New Car/Review

1997 Dodge Viper GTS Coupe

by John Heilig

Dodge

SEE ALSO: Dodge Buyer's Guide

SPECIFICATIONS

ENGINE:  8.0-liter V-10
HORSEPOWER/TORQUE:  450hp@5200 rpm/490ft-lb@3700 rpm
TRANSMISSION:  Six-speed manual
FUEL ECONOMY:  13 mpg city,  21 mpg highway,  14.6 mpg test
WHEELBASE:  96.2 in.
OVERALL LENGTH:  176.7 in.
OVERALL HEIGHT:  47.0 in.
OVERALL WIDTH:  75.7 in.
CURB WEIGHT:  3383 lbs 
FUEL CAPACITY:  19.0 gal.
LUGGAGE CAPACITY:  20.0 cu. ft.
TIRES:   P275/40ZR17 front/P335/35ZR17 rear
INSTRUMENTS: Speedometer, tachometer, fuel level, water temperature,
oil pressure, battery voltage, digital clock.
EQUIPMENT: Power windows, power door locks, power mirrors,
air conditioner, AM-FM stereo radio with CD, anti-lock braking,
dual air bags.
STICKER PRICE: $69,300

The Dodge Viper GTS was a car I fell in love with the instant I saw it on the auto show floor. It has the radical Dodge Viper styling, but with the serious comfort features of power windows and a real top. While I liked the Viper roadster, I'm probably reaching an age where I feel the coupe version is more practical (as if you can call a car with an 8.0-liter V-10 engine "practical").

This car is painted in "American racing colors" of electric blue with two wide striped running down the center. The top itself features a "double bubble" shape, which was pioneered by Zagato forty years ago in his Fiat Abarths and was recently resurrected by Mazda for the RX-7. The double bubble, combined with the rear spoiler, served to attract dirt to the rear of the car. Within minutes of washing the Viper GTS there is a collection of road dirt accumulated on the back. But for minor problems like that, you won't complain.

Except for the power windows, there aren't a lot of modern conveniences on the Viper GTS. Yes, it has dual air bags and ABS, and yes it has the 450 horsepower V-10 engine, and yes it has warning lights, it is still the kind of basic car you'd expect if you were in the market for a sports car.

The 450 horses reach the rear wheels through a six-speed manual gearbox. The shifter falls right at your hand with a concave console that is very comfortable even though it's not padded. The shifts are good, the throws are short, so you can race the Viper GTS to whatever limit you choose (and your license will bear). The Viper has a 200 mph speedometer and gives every indication that it can reach that speed. You can be halfway through that speedometer in less than 10 seconds. With the six-speed transmission, too, 75 mph in sixth is only 1500 rpm, so the engine is barely loafing.

Power levels of the Viper are enormous, as they are with the roadster. In some cases, it is difficult to get all that power to the road. There is just so much, that if you accelerate too hard there's a tendency for the wide rear tires to slip. If you're accelerating in a turn, they want to slip even more. We did a tight turn around a small circle and ended up doing a 360-degree turn around the 360-degree turn when we weren't careful.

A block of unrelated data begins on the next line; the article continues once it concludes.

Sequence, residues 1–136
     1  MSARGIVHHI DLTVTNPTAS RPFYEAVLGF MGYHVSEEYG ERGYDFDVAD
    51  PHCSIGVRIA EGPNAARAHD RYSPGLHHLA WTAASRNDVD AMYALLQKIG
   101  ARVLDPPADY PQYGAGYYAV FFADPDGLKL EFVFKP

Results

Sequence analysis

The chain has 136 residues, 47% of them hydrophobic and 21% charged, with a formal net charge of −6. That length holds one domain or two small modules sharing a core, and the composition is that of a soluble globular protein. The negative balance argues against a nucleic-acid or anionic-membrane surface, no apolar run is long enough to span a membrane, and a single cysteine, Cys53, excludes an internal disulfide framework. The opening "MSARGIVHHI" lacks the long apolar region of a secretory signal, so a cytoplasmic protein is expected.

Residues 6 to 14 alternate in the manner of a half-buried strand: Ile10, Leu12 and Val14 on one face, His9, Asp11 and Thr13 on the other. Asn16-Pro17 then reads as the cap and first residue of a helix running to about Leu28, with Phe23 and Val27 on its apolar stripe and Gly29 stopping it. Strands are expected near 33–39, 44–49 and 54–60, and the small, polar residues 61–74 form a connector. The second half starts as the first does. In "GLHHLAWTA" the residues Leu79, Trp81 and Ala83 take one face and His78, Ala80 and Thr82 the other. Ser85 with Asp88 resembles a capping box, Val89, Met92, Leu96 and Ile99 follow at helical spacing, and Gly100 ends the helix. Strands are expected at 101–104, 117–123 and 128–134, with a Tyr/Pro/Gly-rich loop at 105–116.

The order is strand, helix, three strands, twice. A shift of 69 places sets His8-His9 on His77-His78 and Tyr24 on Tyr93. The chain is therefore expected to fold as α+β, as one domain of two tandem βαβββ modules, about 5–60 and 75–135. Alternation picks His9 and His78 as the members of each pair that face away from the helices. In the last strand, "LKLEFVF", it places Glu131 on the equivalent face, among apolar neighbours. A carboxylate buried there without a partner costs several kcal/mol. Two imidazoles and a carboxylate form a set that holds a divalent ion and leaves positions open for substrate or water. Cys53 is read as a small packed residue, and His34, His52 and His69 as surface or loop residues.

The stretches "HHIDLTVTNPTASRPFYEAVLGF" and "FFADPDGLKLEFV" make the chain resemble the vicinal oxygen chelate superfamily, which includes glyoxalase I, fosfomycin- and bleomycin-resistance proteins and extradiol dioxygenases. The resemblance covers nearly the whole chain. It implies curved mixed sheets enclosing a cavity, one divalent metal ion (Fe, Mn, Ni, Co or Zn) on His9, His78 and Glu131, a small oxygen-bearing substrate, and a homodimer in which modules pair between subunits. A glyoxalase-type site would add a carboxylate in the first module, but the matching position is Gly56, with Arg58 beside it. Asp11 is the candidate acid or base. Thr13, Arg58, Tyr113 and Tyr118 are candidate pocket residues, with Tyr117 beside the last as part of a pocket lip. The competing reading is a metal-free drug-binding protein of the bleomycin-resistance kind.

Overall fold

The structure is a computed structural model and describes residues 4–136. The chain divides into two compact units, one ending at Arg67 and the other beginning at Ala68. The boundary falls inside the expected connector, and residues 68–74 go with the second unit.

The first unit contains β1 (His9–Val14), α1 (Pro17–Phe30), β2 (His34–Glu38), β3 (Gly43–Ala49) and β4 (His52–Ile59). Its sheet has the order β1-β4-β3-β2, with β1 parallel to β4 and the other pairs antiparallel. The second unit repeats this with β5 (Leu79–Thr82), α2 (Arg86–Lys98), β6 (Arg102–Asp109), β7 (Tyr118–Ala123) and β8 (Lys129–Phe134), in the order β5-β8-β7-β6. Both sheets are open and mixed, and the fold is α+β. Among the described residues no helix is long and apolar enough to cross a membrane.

Visibility is good with the Viper coupe. Visibility out the rear is better than it is in the roadster. It's always bad using the side mirrors because of the huge flares over the rear tires and the location around the A-pillar. You stare out over three bulges up front; one for the engine and two for the tires. It does not look unlike the view out the windshield of a C-type Jaguar.

Instruments are black-on-white. At night, they become lighted-on-black, since the "black" portion is transparent to allow the light through. Viper also has full instrumentation with a huge tach and speedometer and four accessory gauges splayed out across the dash.

There's a tilt steering wheel, which is a modern convenience we didn't expect. In the absence of a glove box, there is a small mesh bag between the seats and a small cubbyhole there as well. Under the pop-up hatch there is a small trunk. Dodge claims 20 cubic feet of storage, but we doubt it. The total capacity is not unlike that of a Corvette.

The other big advantage is door handles. On the roadster, you reach in through the side curtains, much like in an MGA or other old sports car, and pull the door latch. Here, there is a pushbutton with a finger hook to open the door. It's very simple, yet effective.

We had an opportunity to have a former race driver put the Viper GTS through it paces, and he had a one-word evaluation, "awesome." And that's just what the Viper GTS is, awesome. If you want practicality, you're not going to buy a Viper. If you want fuel economy, you're not going to buy a Viper GTS. But if you want excitement and a lot of fun, if you want a car that will have people along the road smiling at you and giving you thumbs up, then you want the Viper GTS. It's a loud, outrageous car, but it's a lot of fun.

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